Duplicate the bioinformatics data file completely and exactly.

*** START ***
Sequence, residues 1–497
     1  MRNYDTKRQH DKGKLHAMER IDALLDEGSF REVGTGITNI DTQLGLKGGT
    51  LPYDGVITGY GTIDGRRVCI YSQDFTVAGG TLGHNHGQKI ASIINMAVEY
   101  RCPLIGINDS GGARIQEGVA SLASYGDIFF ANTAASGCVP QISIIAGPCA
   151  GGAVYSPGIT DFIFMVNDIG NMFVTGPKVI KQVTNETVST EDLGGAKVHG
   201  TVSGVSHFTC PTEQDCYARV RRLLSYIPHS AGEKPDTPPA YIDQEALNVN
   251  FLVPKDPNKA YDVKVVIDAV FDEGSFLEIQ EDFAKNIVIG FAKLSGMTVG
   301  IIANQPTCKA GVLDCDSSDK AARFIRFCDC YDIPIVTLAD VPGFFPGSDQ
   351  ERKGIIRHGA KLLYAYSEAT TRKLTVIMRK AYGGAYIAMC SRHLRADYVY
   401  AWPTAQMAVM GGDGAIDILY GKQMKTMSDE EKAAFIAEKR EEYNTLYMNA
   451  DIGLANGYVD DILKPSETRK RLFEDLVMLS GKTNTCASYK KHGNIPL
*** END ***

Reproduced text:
Sequence, residues 1–497
     1  MRNYDTKRQH DKGKLHAMER IDALLDEGSF REVGTGITNI DTQLGLKGGT
    51  LPYDGVITGY GTIDGRRVCI YSQDFTVAGG TLGHNHGQKI ASIINMAVEY
   101  RCPLIGINDS GGARIQEGVA SLASYGDIFF ANTAASGCVP QISIIAGPCA
   151  GGAVYSPGIT DFIFMVNDIG NMFVTGPKVI KQVTNETVST EDLGGAKVHG
   201  TVSGVSHFTC PTEQDCYARV RRLLSYIPHS AGEKPDTPPA YIDQEALNVN
   251  FLVPKDPNKA YDVKVVIDAV FDEGSFLEIQ EDFAKNIVIG FAKLSGMTVG
   301  IIANQPTCKA GVLDCDSSDK AARFIRFCDC YDIPIVTLAD VPGFFPGSDQ
   351  ERKGIIRHGA KLLYAYSEAT TRKLTVIMRK AYGGAYIAMC SRHLRADYVY
   401  AWPTAQMAVM GGDGAIDILY GKQMKTMSDE EKAAFIAEKR EEYNTLYMNA
   451  DIGLANGYVD DILKPSETRK RLFEDLVMLS GKTNTCASYK KHGNIPL